Disagreement, not betrayal

On Jan. 3, 1997, almost exactly 21 years ago, Susan Collins of Caribou became Maine’s junior U.S. senator alongside Olympia Snowe. Today, Sen. Collins has an admirable record of service, including a record voting streak. She is the only Republican senator from New England.

Traditionally a measured legislator not bound to any particular ideology and willing to seek carefully considered positions that differ from her party’s stance, the moderate, centrist, bipartisan-seeking senior senator from Maine recently has been assailed and demonized from quarters that only weeks earlier lavished praise for her independence and integrity.

Two months ago, Collins was upheld as a paragon of sensibility as she voted against her party and the proposed healthcare provisions. Conservative voters felt betrayed by her left-of-center position. But she passed that day’s media litmus test and was applauded by those in the “Resist” movement.

Opponents of her decision concerning the new tax law have decried her vote as a travesty, careless, catering to the rich, an attempt to destroy our government — plus much worse. Protesters occupied her offices in Bangor and Portland. Her phone lines and email system have been deluged with messages from those outraged by her stance.

Citizens often wonder why more and better people don’t make serious efforts to run for our important government offices. The abuse heaped upon our public servants, from town manager in Tremont to senator from Bangor, makes the job one for only for the halest and heartiest — or a fool beholden to too many outsiders.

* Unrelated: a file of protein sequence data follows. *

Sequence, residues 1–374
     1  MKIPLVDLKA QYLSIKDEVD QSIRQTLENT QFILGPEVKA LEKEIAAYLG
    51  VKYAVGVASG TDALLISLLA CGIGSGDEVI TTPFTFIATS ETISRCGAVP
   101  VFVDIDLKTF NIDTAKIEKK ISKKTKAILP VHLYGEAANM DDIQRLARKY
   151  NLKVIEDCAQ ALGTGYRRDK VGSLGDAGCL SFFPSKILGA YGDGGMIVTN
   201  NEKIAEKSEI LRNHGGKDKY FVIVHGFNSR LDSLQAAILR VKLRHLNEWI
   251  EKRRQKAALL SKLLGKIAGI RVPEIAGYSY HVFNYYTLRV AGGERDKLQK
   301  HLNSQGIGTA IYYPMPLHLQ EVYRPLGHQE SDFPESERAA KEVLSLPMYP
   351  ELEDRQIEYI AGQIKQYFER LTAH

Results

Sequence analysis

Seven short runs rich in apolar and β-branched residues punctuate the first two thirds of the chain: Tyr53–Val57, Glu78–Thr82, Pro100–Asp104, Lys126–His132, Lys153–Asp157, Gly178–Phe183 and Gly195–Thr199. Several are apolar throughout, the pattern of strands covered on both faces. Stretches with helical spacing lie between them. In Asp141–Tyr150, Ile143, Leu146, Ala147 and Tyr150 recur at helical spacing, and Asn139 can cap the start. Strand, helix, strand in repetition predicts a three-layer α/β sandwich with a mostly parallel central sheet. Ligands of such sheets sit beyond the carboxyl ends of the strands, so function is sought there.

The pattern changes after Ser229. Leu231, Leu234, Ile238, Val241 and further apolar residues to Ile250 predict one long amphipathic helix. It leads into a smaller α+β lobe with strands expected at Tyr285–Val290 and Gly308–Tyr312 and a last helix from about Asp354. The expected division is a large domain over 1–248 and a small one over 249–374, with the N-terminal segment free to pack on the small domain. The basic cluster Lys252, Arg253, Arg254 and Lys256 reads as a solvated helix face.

On our letters page, State Sen. Brian Langley described the contradictions among Collins’ critics. Langley, and Rep. Brian Hubbell of Bar Harbor, legislators cut from the Collins mold of searching for ways to resolve problems, discussed the necessity of cooperation and brokering cooperation, even when they disagree on policy.

We will never agree 100 percent of the time with any politician on the positions they take. But to skewer Collins for her reasoned positions in the fashion recently observed is irresponsible. Both public and press moderation are warranted.

Our political climate has become increasingly acrimonious. Acceptable middle-ground positions have become impossible, as the narrative pits left against right, conservative against progressive, Democrat against Republican, and even family members against each other. Sound public policy helps both the majority and the minority. Winning should be reserved only for election to office. Then the real work commences.

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